After an amazing first week of brainstorming with the students, we were happy to begin to really work on the projects with the selected 8 students. It was an incredibly busy week as we went around to cities all over Benin to conduct research, but very exciting to work on the details of the projects and to work with the students on developing their project management skills.
The progress of each project and personal development of each student have advanced in just these first two weeks and we’re looking forward to seeing how the next two weeks will go. But let’s first give you an update about the Benin Summer School’s second week…
What Other Projects Are the Students Working on?
Last week we told you about some of the projects were working on. Here are a few more…
Female Role Models
Our student Solange is working on a project to interview model women in Benin and make a video. This video will be used at least in the 8 primary schools that work with Hubi & Vinciane. The idea is to give young women hope, to show them what they can achieve if they study hard, don’t get pregnant during their teenage years and are able to continue their education. The lack of opportunity for women to be educated is one of the key problems in Benin and was very openly noted by all of our students, especially the male ones where felt bad for their female counterparts.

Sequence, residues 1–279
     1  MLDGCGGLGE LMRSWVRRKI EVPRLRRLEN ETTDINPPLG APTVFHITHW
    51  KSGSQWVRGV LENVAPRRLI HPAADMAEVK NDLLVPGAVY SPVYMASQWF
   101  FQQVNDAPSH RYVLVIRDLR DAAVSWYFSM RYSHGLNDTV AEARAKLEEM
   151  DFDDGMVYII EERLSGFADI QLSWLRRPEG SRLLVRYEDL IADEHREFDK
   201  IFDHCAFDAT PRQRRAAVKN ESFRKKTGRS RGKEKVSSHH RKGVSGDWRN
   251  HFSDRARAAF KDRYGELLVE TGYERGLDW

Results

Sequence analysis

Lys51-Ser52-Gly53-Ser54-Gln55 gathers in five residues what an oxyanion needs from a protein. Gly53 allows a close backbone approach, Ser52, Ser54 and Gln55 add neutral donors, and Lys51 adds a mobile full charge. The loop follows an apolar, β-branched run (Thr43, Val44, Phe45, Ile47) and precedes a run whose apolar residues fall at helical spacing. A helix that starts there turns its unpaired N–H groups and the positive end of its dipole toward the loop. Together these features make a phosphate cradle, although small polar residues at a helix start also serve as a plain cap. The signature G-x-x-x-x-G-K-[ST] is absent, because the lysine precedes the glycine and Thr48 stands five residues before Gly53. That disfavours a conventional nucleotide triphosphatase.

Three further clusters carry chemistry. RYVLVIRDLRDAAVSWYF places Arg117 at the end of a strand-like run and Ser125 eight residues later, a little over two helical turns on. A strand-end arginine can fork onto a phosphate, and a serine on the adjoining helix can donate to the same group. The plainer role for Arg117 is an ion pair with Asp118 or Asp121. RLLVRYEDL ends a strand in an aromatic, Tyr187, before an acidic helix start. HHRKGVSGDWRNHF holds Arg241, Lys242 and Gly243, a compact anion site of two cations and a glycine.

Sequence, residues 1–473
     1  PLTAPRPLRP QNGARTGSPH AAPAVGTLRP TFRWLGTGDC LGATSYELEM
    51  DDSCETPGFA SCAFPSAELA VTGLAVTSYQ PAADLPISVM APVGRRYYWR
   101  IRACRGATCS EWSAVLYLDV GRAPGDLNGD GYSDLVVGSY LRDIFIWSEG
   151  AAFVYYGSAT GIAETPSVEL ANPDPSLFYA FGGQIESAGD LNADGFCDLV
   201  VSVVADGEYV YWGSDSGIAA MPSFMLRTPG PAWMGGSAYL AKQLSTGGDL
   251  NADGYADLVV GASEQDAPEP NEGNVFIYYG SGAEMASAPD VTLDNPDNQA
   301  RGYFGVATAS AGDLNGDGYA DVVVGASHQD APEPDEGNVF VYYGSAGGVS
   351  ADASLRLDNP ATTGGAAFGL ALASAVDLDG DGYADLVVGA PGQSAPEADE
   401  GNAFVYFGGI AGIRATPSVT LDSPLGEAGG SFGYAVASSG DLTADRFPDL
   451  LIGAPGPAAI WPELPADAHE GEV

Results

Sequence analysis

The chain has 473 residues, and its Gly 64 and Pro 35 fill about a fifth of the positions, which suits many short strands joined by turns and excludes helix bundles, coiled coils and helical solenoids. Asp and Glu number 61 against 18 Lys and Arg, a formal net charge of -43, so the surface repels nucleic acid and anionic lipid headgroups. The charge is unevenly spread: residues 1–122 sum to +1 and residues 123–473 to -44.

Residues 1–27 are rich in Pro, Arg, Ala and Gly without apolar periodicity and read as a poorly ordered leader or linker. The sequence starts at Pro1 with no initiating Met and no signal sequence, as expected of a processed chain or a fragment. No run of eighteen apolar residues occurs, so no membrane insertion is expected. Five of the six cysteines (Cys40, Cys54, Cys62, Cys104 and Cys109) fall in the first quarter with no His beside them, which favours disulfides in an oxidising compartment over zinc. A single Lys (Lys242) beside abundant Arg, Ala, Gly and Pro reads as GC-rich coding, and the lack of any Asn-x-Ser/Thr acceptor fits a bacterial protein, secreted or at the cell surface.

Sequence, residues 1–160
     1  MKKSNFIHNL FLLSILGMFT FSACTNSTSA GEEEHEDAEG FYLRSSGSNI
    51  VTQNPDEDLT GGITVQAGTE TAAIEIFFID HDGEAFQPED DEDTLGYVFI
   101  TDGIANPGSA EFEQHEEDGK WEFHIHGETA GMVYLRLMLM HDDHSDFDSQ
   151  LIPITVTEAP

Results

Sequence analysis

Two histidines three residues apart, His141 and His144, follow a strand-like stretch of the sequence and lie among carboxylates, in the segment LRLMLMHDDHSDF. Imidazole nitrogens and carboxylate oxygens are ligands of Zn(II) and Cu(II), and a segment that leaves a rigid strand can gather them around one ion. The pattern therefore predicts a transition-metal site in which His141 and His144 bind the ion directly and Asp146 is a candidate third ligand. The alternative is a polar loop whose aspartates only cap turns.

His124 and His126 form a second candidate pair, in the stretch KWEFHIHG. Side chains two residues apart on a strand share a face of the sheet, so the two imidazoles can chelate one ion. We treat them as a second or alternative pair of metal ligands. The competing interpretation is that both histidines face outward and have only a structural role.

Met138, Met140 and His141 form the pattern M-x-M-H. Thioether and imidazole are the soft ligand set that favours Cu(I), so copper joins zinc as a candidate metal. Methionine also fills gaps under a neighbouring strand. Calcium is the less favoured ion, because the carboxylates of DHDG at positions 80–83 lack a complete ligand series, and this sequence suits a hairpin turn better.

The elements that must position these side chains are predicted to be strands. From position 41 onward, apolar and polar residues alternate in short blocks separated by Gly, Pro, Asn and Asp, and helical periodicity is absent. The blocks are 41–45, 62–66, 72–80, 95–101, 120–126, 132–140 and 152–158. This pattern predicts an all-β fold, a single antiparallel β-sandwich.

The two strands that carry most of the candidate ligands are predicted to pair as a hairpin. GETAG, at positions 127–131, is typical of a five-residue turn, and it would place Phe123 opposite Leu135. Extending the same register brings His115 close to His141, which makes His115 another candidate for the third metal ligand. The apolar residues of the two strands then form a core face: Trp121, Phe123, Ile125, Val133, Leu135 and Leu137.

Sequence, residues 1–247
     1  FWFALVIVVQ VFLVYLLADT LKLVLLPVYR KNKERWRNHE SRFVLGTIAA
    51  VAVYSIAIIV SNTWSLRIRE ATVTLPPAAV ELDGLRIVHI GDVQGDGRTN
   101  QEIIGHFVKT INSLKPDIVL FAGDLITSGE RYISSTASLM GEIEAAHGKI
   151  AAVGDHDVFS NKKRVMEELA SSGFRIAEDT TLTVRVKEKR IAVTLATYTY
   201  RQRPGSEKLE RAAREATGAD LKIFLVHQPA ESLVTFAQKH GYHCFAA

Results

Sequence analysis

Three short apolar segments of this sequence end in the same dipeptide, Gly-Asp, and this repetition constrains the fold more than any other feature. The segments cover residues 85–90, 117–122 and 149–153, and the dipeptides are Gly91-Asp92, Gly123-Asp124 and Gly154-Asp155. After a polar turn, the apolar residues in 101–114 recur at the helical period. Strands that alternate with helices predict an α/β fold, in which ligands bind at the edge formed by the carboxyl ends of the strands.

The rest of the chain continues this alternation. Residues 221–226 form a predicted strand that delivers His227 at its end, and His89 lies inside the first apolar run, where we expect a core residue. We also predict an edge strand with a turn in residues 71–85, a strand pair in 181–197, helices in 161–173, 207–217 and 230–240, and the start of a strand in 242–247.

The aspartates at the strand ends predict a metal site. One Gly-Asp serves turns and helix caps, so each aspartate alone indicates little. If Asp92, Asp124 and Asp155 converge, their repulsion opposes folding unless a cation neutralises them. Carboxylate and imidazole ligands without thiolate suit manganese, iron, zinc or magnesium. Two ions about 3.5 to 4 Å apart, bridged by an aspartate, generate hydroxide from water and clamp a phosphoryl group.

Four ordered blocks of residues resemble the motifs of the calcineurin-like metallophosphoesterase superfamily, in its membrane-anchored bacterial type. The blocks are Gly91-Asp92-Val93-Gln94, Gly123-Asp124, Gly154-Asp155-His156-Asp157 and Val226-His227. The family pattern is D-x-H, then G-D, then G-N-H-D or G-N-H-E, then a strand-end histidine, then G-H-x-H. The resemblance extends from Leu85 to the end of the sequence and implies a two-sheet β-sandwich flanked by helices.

Unfortunately, many teenage girls get pregnant and find it practically impossible to complete their education. It is our hope to show these young women what can be achieved if their lives are not interrupted by an unplanned pregnancy. Showing what successful woman in Benin have achieved in their studies, professional lives and only later their families will be an important, and hopefully motivating, message.
To get started on this project, a local journalist that Jamie had met last year named Boniface was enthusiastic to help. He offered to connect us with some very high-level women he knows so we could interview them. Since he hosts his own radio program, he even suggested that we do a special radio program on the subject and record the interviews during the radio session to use in our video. We were very excited about this idea because everyone in Benin listens to the radio. It is the best and most effective way of communicating with the general public.
We loved the idea of our message reaching a very broad audience and still ending up with a video that could be used by the foundation’s schools for educating the students. It really seemed like a win-win. We still wanted to be sure that Solange could conduct a few video interviews of her own with women whom she considers to be role models as well. This will give our video a nice mix of various positions that woman in Benin can achieve.
Giving a Helping Hand
We went back to the hospital of Boko with two of our students to visit the physical therapist there because he had found a patient who was missing a hand. He was an ideal candidate for a 3D-printed prosthetic hand because he still had a significant portion of his arm left to provide a base for the device. He lost his hand after he had gathered with a group of fellow tobacco producers during a moment in Benin when gathering in a group was illegal. The police began to throw grenades into the crowd and he actually lost his leg and hand.